By Laura Tremelling
BATHAMPTON, England — An injured bellringer had to be lowered 20ft down the inside of a church tower as part a three-hour emergency rescue after she became entangled in the ropes and was knocked unconscious during a practice session.
Helen Springthorpe was having a lesson on a three hundredweight bell in the gallery of St Nicholas's Church, Bathampton, when she became caught in the rope, was lifted into the air and then fell to the floor, knocking herself out.
The 58-year-old, who had been learning for six months, sustained suspected injuries to her pelvis and leg, and needed hospital treatment.
Paramedics attended at 8.14pm on Monday and were faced with the difficult task of getting her to safety, as the gallery is accessed by a narrow set of stairs not big enough to get a stretcher down. The fire crews from Bath, working alongside tower master Peter Powell, opened a trap door in the gallery, which had not been used since the 1920s, and lowered Mrs Springthorpe 20ft on a stretcher. The whole rescue took three hours, and involved the special Hazardous Area Response Team (HART) from Bristol.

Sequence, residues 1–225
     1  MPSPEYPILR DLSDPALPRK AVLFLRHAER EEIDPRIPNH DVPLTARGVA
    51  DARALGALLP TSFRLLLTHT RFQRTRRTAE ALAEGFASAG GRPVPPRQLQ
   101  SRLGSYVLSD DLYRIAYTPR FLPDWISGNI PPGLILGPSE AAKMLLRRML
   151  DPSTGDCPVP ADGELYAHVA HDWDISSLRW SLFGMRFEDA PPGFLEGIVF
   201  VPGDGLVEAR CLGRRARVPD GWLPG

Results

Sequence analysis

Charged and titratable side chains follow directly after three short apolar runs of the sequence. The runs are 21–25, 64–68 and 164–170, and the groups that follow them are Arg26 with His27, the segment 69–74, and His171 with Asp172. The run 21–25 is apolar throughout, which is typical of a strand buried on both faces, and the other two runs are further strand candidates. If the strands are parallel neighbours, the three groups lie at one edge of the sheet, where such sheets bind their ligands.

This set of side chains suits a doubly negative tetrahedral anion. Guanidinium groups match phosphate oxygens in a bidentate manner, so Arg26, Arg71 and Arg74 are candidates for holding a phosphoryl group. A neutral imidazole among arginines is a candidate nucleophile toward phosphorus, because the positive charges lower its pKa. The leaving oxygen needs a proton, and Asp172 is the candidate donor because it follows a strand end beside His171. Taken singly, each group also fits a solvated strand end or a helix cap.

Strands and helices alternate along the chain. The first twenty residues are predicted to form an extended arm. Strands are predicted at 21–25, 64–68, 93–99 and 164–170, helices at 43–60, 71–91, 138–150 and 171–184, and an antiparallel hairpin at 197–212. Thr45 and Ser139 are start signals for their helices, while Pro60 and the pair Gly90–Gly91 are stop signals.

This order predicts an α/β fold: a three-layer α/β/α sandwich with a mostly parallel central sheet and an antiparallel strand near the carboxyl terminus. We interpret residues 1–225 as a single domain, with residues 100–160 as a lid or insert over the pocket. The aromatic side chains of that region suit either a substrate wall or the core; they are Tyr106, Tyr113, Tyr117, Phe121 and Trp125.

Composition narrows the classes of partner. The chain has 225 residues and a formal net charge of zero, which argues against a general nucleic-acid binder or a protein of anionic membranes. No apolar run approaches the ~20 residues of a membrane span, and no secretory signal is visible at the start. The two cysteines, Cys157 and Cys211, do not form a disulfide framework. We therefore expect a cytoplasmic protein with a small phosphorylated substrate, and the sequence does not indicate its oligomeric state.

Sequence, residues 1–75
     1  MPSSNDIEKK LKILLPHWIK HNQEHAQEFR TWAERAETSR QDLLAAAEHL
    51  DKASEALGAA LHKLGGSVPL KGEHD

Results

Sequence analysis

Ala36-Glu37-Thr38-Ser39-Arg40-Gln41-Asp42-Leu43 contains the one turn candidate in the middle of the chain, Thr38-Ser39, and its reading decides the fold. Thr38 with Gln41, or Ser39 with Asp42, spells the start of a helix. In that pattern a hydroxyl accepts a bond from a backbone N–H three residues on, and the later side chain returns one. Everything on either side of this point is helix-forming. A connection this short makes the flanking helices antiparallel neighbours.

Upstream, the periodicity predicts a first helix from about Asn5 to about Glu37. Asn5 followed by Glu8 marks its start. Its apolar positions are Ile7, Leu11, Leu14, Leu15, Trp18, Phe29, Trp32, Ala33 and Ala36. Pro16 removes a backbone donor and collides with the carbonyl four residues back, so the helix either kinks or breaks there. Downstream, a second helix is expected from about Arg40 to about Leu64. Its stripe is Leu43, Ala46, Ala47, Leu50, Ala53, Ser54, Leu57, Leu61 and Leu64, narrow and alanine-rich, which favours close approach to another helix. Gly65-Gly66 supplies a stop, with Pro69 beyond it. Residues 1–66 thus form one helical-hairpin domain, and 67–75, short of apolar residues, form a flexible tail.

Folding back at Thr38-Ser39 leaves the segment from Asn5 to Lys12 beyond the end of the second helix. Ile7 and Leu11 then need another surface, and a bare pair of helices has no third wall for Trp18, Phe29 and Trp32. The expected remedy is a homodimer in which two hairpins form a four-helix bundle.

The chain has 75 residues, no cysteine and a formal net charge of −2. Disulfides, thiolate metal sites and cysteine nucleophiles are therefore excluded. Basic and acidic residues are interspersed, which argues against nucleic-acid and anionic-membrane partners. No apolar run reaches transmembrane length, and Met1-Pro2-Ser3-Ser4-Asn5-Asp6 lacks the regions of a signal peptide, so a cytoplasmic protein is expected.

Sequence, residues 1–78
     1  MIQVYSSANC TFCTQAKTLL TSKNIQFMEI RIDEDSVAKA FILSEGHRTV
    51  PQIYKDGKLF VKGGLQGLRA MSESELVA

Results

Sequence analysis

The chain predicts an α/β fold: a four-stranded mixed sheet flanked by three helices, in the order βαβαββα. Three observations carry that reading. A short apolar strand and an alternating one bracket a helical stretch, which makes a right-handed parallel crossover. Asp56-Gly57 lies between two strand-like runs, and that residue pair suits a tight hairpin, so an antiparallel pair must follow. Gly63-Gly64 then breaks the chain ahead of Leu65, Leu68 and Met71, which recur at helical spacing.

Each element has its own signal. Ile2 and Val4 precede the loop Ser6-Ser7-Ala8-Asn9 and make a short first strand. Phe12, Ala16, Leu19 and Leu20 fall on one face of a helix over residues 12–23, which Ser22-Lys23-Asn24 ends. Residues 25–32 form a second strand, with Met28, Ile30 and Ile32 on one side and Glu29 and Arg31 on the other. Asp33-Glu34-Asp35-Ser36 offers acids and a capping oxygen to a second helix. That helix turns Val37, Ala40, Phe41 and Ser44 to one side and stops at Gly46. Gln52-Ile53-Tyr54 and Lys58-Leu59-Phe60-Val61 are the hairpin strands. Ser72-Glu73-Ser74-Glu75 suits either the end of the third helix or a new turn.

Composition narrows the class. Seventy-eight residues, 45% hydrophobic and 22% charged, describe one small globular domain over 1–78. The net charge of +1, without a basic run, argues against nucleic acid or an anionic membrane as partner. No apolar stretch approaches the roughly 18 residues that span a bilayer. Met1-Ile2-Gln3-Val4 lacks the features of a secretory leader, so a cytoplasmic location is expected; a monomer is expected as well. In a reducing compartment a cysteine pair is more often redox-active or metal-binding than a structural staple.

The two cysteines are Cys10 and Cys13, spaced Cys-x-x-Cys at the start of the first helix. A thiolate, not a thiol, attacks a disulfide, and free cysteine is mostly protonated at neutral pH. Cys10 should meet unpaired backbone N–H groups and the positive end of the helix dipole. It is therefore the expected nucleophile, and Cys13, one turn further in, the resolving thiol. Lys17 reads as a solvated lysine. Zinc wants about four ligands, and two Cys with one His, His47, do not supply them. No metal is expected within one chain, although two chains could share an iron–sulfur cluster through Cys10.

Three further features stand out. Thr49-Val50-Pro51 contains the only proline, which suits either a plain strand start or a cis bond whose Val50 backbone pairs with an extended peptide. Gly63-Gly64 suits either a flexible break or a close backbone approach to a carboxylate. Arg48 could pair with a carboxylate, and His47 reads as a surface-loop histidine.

Mrs Springthorpe was released from the Royal United Hospital later that evening and is now recovering at home with a bump to her head and a bruised hip.
She said she did not remember much about the incident but was full of praise for the rescue team.
"The first thing I remember is waking up on the floor and seeing lots of people around me," she said. "The bell tower was full of firefighters and paramedics. "They were absolutely brilliant, so calm and methodical, which kept me calm. Two of the bellringers knew first aid and looked after me before paramedics arrived.
"I am fine now - just have a banged head and bruised hip - I was just unlucky really."
Mr Powell, who has been bellringing at the church since 1950, also praised the rescue crews.
He said: "The fire service and paramedics did a wonderful job, as it was an extremely difficult situation. "There were eight of them in the tiny room and they found it hard to get up the narrow stairs with all the equipment.
"They said there was no way that they would be able to get her down the stairs, and so part of the floor (the trapdoor) had to be removed so she could be lowered down on a stretcher."
He added that the incident was just a "little slip" and hoped Mrs Springthorpe would not be put off bellringing in the future.
Bath fire station manager Martin Glanvill was one of 20 firefighters on the scene and said the patient's injuries meant she needed assistance getting down from the tower.
He said: "She needed to come down on a stretcher and couldn't walk, so we enlisted the help of the HART team.
"Luckily it wasn't time sensitive, and the lady was made comfortable by paramedics, which helped us enor mously.
"Everyone worked together really well as a team to carry out a successful rescue."
The belltower was full of firefighters and paramedics ''
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